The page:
Votto not resting in quest to be complete player

Joey Votto (Sam Greene/USA Today sports)

Votto not resting in quest to be complete player

Reds

Votto not resting in quest to be complete player

By Zach Buchanan

Cincinnati Enquirer

Cincinnati Reds manager Bryan Price has been with the Reds since 2010, the year Joey Votto was voted Most Valuable Player for the National League. Looking back on those seven years, Price can’t remember Votto ever shirking his commitment to defense.

But Votto can. In the offseason following the 2015 campaign, he needed a break. He didn’t work as hard as he normally does.

It cost him in the field in 2016.

“I didn’t prepare properly,” Votto said. “I had to do a lot of catching up during the season. The unfortunate thing of hitting versus defense is I’m probably a more natural hitter than I am a defensive player. When I don’t prepare to the utmost in one aspect of my game that’s not a strength, I’m way behind everybody else.”

The numbers certainly bear that out. From 2011-12, Votto rated as one of the better defensive first basemen in the league according to metrics like Ultimate Zone Rating and Defensive Runs Saved. Over the next three seasons, he was about average.

But last year, he was terrible. He had the second-worst UZR among regular first baseman, and the worst DRS by a margin of eight runs. Those stats don’t tell the whole picture — in general, it’s best to take defensive stats in chunks of at least three seasons — but Votto knows he wasn’t as good as he should have been.

When asked how long when he finally caught up on his defensive work last year, he contemplatively exhaled and said, “Today.”

“I wasn’t at my best,” Votto said. “It wasn’t like I shorted myself and I wasn’t completely prepared. But I wasn’t as consistent and steady with my work and detail-oriented as I have been during my past years.”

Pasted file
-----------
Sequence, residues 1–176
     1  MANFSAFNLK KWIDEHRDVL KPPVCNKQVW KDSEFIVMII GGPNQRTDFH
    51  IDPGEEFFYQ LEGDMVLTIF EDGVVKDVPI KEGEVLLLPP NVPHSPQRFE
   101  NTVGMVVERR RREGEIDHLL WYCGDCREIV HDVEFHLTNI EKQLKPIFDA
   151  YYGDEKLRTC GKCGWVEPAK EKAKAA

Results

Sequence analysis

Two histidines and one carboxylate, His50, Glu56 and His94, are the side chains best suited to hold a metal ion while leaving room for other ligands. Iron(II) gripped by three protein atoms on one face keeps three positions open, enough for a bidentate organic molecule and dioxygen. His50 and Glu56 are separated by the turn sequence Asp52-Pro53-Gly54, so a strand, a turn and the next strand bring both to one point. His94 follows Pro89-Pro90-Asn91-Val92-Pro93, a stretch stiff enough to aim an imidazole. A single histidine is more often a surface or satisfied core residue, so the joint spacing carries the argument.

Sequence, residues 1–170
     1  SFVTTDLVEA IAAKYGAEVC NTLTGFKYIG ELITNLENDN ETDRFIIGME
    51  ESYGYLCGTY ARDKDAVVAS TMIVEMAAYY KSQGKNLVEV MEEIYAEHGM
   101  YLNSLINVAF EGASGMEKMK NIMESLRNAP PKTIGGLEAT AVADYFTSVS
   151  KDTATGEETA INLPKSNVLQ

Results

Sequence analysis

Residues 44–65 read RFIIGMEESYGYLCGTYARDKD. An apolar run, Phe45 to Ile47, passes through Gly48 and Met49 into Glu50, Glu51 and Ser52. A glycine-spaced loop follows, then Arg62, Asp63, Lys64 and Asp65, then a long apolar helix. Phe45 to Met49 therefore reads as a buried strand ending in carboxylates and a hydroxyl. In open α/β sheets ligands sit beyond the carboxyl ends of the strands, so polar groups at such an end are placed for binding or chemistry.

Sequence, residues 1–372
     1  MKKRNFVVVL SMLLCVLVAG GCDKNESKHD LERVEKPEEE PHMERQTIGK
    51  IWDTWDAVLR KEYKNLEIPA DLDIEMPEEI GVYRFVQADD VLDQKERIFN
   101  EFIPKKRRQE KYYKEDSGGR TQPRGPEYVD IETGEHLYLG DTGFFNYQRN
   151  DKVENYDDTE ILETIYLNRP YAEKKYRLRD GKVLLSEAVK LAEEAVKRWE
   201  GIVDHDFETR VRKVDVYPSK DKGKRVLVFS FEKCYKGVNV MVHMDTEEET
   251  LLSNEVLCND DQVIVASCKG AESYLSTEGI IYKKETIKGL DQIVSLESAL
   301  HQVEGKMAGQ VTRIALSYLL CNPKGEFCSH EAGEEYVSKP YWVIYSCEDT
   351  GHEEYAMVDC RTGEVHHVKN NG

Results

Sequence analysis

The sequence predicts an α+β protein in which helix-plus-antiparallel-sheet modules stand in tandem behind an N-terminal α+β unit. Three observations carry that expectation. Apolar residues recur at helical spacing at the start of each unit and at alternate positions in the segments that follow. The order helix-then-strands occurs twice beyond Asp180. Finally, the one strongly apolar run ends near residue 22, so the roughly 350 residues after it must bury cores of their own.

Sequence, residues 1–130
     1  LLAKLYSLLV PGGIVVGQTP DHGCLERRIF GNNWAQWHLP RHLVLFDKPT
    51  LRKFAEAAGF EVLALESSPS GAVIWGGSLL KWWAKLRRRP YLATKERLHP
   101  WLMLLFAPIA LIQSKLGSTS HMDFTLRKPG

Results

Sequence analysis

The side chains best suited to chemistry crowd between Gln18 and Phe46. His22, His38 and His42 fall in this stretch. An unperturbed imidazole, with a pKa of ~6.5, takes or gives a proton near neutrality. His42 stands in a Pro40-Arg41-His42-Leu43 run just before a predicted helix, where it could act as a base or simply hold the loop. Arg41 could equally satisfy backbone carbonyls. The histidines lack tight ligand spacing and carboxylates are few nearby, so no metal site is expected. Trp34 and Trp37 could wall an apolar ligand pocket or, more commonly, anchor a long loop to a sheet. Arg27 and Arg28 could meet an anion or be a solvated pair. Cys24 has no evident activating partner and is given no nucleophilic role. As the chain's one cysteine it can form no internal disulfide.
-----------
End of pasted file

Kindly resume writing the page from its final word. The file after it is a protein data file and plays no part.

Votto wouldn’t share any specifics of his defensive work in the offseason or this spring, but Price thinks he’s noticed a difference so far. He sees Votto being more comfortable leaving his feet to make a tough play, especially on balls to his glove hand, in the 3-4 gap.

That would certainly help his range, which advanced metrics show was the biggest factor in his defensive decline last season.

“There are times you get caught in between on if you should try to stay on your feet and make the play so you can make an easier throw, or when you can leave your feet because that’s the only way you can make the throw,” Price said. “He’s worked really diligently on it.”

Votto hasn’t limited his focus to just defense. He’s also changed up his slide mechanics in an effort to be a better player on the bases.

Unlike with his defense, Votto has never rated particularly positively on the bases. The last two years have been his worst, and he traces some of that to sliding with his left leg forward instead of his right, a switch he made after injuring tearing the meniscus in his left knee in 2012.

Sliding that way was never very comfortable, and it put his back to the infield. He couldn’t reach the bag or pop up as quickly, or react as well to a passed ball. This spring, he finally felt comfortable switching back to his old slide, and it felt natural immediately.

“’I just wasn’t doing that in the past,” he said. “I wasn’t doing part of the game that everyone needs to go all in on.”

Votto has lofty expectations for himself. He considers his peers to be the best first baseman in the league, including Chicago Cubs star Antony Rizzo and Arizona Diamondbacks cornerstone Paul Goldschmidt. He’s arguably a better hitter than both of them.

But he’s not a more complete player, and that’s what he’s aiming for.

“I do use the best players in the league as markers, as barometers,” he said. “Those are who I compete against.”

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